Chianti

Chianti. A name that makes every aficionado's heart skip a beat, and not without reason. Perhaps it's because it encapsulates the beauty of an entire territory, which in everyone's mind's eye is made up of hills, cypresses and stunning roads through vineyards. Or maybe it's because when there's a bottle on the table, you already know that your meal can only go from strength to strength. And let's face it, it's delicious (especially with a nice Florentine steak).

But what do you know about this red, a native son of Tuscany? Of course, it looks great in your glass and you have a bottle of it just sitting there, to open when your famous lasagna is on the menu. But here's some more to learn, from history to curiosities and pairings, so you can truly say that Chianti has no more secrets for you…

Origins

A mild climate, a rich and fertile soil: it is no coincidence that these hills have been inhabited since the second millennium BC. The Etruscans were the first to turn their hands to cultivating it: it was they who introduced the production of vines, later improved by the Romans. With the end of the Empire, the area experienced dark centuries of decline, at least until the year 1000. From there, everything was on the rise and Chianti began to create its own iconic identity.

 

The legend of the Black Rooster

By medieval times, the Chianti region had become a much-coveted land, at least for the two historic rival cities of Florence and Siena. After years of protracted disputes, a very curious way of establishing the respective borders was decided. Each of the towns would choose a rooster and a knight. When the first crowed, the second would gallop and the new boundary would be set at the point where the two riders met. Siena chose a white rooster, well fed in preparation for the challenge. Florence, on the other hand, chose a black rooster, which had been kept on a fast for days. The black rooster, gripped by hunger pangs, crowed long before dawn and the Florentine knight was able to set off with a clear advantage over his opponent. The boundaries were then established at Castellina, a few kilometres from Siena. And that's why the black rooster was chosen as the symbol of Chianti Classico.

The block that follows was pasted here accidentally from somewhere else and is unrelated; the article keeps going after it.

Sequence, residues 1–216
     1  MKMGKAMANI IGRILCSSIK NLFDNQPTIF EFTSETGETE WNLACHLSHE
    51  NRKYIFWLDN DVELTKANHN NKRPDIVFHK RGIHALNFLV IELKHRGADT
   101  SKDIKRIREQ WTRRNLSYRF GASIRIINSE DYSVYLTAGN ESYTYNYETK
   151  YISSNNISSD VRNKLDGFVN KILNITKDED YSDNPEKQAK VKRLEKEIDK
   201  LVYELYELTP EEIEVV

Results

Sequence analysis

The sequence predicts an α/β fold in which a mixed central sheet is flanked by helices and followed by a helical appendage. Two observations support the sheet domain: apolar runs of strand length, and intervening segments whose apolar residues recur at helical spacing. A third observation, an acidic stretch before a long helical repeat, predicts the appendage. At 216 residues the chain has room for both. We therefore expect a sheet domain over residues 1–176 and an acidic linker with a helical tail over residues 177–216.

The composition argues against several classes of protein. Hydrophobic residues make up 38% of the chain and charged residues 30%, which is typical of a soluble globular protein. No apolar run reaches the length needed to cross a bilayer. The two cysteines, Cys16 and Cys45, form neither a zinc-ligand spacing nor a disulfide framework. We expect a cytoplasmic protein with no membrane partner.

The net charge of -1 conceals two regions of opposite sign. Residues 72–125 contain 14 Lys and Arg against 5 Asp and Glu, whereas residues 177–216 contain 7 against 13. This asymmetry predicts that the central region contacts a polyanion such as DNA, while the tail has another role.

Chianti or Chianti Classico?

If you thought they were the same thing, or that "classic" was just another ploy by your cousin to show off his new sommelier certificate, you're wrong. They are, in fact, two separate DOCGs and therefore have different production regulations. What's the difference? The Chianti DOCG area is the largest, while the Chianti Classico area is the oldest nucleus, made up of a few municipalities and historic hills. The minimum percentage of Sangiovese used in the two wines also differs, resulting in tasting differences.

How can you recognise them both? Simple – once again the black rooster comes into play. If you see it on the label, then you are holding a fine Chianti Classico. Enjoy it, without a care in the world.

 

Not just with the traditional Florentine steak

Who says that Chianti only goes well with traditional Tuscan dishes? Certainly, with a Florentine steak (and perhaps the typical side dish of white beans and a generous helping of olive oil), it delivers. But its characteristics make it pretty versatile; the important thing is to always choose succulent, tasty dishes that stand up to comparison. For example, with roasts, game or the strong taste of truffle, perhaps when it perfumes your risotto, it is a perfect match. A Chianti Riserva, due to its greater concentration of aromas and more intense spicy notes, is the perfect accompaniment to a bruschetta with cream of mushroom and truffle sauce or classic fusilloni with wild boar ragù. And if you want to push the envelope, you can also try something more exotic, such as Indian cuisine. In which case, be prepared for an explosion of spices and heat, but don't worry: a good Chianti can handle it.